Beit Lohamei Haghetaot Archives/ בית לוחמי הגטאות

  • The Ghetto Fighters' House Archives
  • GFH Archives

History

The Ghetto Fighters’ House was conceived in 1946 in Poland, by a group of Holocaust survivors, among them fighters of the Jewish underground in the ghettos of Poland and veterans of partisan combat, to be a place of testimony, telling the story of the Jewish people in the 20th Century and particularly during the Nazi era and the Second World War.

From its foundation in the newly formed State of Israel, the Ghetto Fighters’ House - Itzhak Katzenelson Holocaust and Jewish Resistance Heritage Museum , has functioned as a documentation and testimonial archive; since the 1950s it has also served as a museum, educational center, and research facility.

Geographical and Cultural Context

The Ghetto Fighters’ House was founded in April 1949 by Holocaust survivors, Labor Zionists who came to the newly independent State of Israel to live together in a kibbutz - a cooperatively organized living and working community with shared goals and social humanist values. While the kibbutz founders lived in tents and shacks, its two stone buildings (left from the British Mandate) were dedicated to gathering and documenting testimonial materials of survivors about their experiences of the Holocaust. These photographs, artifacts and stories were the basis of the first exhibitions to which the public was invited. Israel’s earliest national assemblies for Holocaust remembrance were held on the slopes beside the GFH Museum’s permanent location, an annual tradition that continues to this day. In the mid-1990s, the GFH Archives “went global” by posting on its pioneering website tens of thousands of historical materials with explanatory comments and key words for searching.

Mandates/Sources of Authority

The GFH Archives is a public archive in the State of Israel.

Archival and Other Holdings

– on the Holocaust of the Jewish people and Jewish resistance
HISTORICAL CONTEXT OF THE MATERIALS: covers three main time periods:
(a) Jewish communities in Europe between the two world wars: youth movements; religious life; society, education and culture; photographs, photo negatives, films, video-recorded testimonies, audiotaped testimonies, photograph records, press clippings, and a great many documents: personal official papers, letters and postcards, administrative documents, handwritten testimonies and memoirs, diaries, literary works and musical compositions.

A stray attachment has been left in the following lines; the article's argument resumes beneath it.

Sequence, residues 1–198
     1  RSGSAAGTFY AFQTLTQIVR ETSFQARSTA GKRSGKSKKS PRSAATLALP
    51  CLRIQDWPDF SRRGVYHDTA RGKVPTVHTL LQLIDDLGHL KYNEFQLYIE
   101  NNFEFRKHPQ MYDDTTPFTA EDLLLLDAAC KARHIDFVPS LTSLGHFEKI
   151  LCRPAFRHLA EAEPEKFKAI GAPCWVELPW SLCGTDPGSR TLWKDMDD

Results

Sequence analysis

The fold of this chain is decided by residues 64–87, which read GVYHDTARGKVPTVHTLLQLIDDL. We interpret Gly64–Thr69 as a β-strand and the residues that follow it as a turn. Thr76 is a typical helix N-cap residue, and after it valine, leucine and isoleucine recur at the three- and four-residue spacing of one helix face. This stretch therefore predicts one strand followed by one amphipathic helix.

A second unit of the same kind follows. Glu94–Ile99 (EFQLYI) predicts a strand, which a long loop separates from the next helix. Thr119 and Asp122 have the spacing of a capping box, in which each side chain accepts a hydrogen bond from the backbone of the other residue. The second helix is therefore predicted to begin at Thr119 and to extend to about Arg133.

(b) The fate of the Jewish people under the Nazi regime and during WWII : increasing restrictions on civil and human rights; in camps and ghettos, forests and hiding places; physical and spiritual resistance; rescue and extermination;
(c) The rebuilding of lives after the Liberation: DP camps; clandestine aliyah and the detention camps on Cyprus; relations with the Yishuv in Mandate Palestine.
TYPES OF MATERIALS:
(a) The Archival Collections: photographs, photo negatives, films, video-recorded testimonies, audiotaped testimonies, photograph records, press clippings, and a great many documents: personal official papers, letters and postcards, administrative documents, handwritten testimonies and memoirs, diaries, literary works and musical compositions.
(b) The Art Collection: Original drawings, paintings, and sculptures made during the Holocaust and directly afterwards, by known and amateur artists; in ghettos, concentration and labor camps, partisan units, and in hiding; particular documentation of art as testimony.
(c) The Artifacts Collection: Authentic items from the three historical periods (above), cross-referenced with materials from the general archival collections, e.g. photographs, diaries, testimonies, etc.
(d) The Library: The Library holds some 60,000 titles in various languages, on the following topics:
Memorial books of communities describing Jewish life and culture prior to WWII and the Holocaust period in which they were destroyed;
Books of testimony and memoirs written by Holocaust survivors;